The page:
‘The Struggle for Pakistan’ Masterfully Summarizes a Country’s Troubled History

Dr. Ayesha Jalal's thorough survey will remain the definitive history of Pakistan for decades to come.

On a warm June evening in 2011, I rode in a rickety bus along a dusty Punjabi highway to watch a show on the India-Pakistan border.

It may be odd to read the words “show” and “India-Pakistan border” in the same sentence, but for several years now, the border guards of India and Pakistan have made a nightly ritual of celebrating the closing of the Wagah border crossing, showcasing the two nations’ officially peaceful although often uneasy relationship in the process.

Nearly every night, the respective border guards of India and Pakistan scream, yell, and perform a sequence of Pythonian leg kicks and marches to rapturous crowds on either side, in a performance seemingly choreographed by the Ministry of Silly Walks. All the while, a “ringleader” on each side whips the crowd into a frenzy with a series of call-and-response chants attesting to the nation’s glory in Indian, or Pakistani, depending on which side of the border you’re sitting on. After a half hour of chanting, marching, and generally making as much noise as humanly possible, the performance is over. Guards from each country embrace for a brief handshake, after which the border is officially closed. India and Pakistan have avoided war for one more day. It’s a bizarre spectacle, this display of bi-national “harmony”, especially considering the fraught relationship India and Pakistan have shared since the two nations’ independence in 1947.

As I sat among the Indian crowd that day, I turned to my left and looked at Pakistan. (I was one of the few on the Indian side who appeared to do so.) The Pakistani revellers, compared to their Indian counterparts, were similar in terms of dress and physical appearance, although they displayed markedly more restrained body language. Most Pakistanis seemed unwilling to draw too much attention to themselves. Also unlike on the Indian side, the Pakistani crowd was segmented by sex, with females on one side and men on the other. As I compared the crowds, I wanted to know more about how and why these two proud nations, separated at birth yet still so culturally similar, are progressing at such drastically different paces.

India is on the verge of becoming a superpower; Pakistan is not. Pakistan is a breeding ground for pseudo-fascist religious militants; India is not. In India, there is a burgeoning middle class with a rising amount of disposable income; for the most part, the same is not true in Pakistan. India’s democracy, though certainly not free of serious problems, functions; for several decades of its brief history, Pakistan has been ruled by the military.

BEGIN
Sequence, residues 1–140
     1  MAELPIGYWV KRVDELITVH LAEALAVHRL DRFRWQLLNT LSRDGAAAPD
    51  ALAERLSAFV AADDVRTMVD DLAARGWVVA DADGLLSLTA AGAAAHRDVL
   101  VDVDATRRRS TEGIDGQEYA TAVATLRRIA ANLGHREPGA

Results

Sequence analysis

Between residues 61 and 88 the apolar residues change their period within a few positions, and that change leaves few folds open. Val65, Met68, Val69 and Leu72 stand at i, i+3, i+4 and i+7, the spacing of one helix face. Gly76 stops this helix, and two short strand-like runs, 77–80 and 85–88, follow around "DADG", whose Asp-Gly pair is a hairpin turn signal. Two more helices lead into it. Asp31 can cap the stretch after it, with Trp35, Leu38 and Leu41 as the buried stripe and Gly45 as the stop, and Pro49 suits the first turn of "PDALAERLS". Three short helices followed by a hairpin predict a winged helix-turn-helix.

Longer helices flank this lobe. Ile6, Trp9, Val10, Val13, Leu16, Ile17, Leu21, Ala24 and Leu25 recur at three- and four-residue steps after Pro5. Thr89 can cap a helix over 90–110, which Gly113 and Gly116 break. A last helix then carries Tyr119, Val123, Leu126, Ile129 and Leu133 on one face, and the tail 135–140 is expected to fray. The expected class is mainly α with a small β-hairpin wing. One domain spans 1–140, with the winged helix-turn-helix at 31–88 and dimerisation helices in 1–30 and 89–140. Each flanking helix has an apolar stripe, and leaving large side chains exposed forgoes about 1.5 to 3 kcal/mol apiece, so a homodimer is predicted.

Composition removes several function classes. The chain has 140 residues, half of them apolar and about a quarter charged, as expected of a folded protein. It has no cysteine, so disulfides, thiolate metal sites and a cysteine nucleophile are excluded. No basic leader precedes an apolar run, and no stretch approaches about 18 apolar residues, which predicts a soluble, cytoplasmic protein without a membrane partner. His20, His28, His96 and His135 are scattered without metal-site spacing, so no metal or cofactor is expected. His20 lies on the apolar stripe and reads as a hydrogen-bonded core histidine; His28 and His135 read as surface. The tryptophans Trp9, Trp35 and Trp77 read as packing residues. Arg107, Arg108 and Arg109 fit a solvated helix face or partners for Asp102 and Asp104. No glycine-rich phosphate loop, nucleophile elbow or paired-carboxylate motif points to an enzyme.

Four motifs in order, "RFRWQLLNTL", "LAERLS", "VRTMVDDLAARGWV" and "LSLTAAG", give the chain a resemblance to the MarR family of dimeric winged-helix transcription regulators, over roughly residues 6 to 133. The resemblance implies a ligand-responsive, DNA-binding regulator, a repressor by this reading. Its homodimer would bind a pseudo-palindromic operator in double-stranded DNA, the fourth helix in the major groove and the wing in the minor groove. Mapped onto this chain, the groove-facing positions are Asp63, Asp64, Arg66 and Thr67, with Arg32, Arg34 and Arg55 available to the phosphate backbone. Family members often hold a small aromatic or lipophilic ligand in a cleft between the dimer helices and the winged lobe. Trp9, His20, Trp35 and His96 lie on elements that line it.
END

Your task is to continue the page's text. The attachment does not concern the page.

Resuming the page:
As a long-time student of Indian history, I was dager to read Dr. Ayesha Jalal’s latest book, The Struggle for Pakistan: A Muslim Homeland and Global Politics, in an effort to better understand why Pakistan continues to lag behind its sister-nation in terms of economic growth, and social and political stability. Jalal, the Mary Richardson Professor of History at Tufts University, does not disappoint.

Put simply, The Struggle for Pakistan will be the definitive history of Pakistan for decades to come. The author’s prose is clean, the book is thoughtfully structured, and the research is as close to exhaustive as one could imagine. As someone who once spent a few months combing through a South Asian archive, inhaling more dust and soot than some coal miners, I can only tip my hat at the author’s apparent efforts here.

There are a number of revelations throughout The Struggle for Pakistan. Before reading, I failed to appreciate the power vacuum in Pakistani politics that succeeded the death of the young nation’s first Governor-General, Muhammad Ali Jinnah. Although it is too simplistic to describe Jinnah as “Pakistan’s Nehru”, the similarities are considerable: just as Jawaharlal Nehru is regarded as one of India’s founding fathers (along with the Mahatma), Jinnah was and is associated with similar national pride and achievement in Pakistan. In negotiating the terms for an independent Pakistan in the years preceding the partition in 1947, Jinnah was often the smartest man in the room. Losing him in 1948, barely one year after assuming office, opened the door to a succession of ineffective, incapable, and often incompetent national leaders, most of whom did not share Jinnah’s pragmatism, commitment to secularism, or political savvy. All too often, scholars record history as the study of great men, and though Jalal avoids this type of lazy scholarship and cautions against it in The Struggle for Pakistan, the book demonstrates how the loss of Jinnah signaled trouble for a fragile, newborn nation.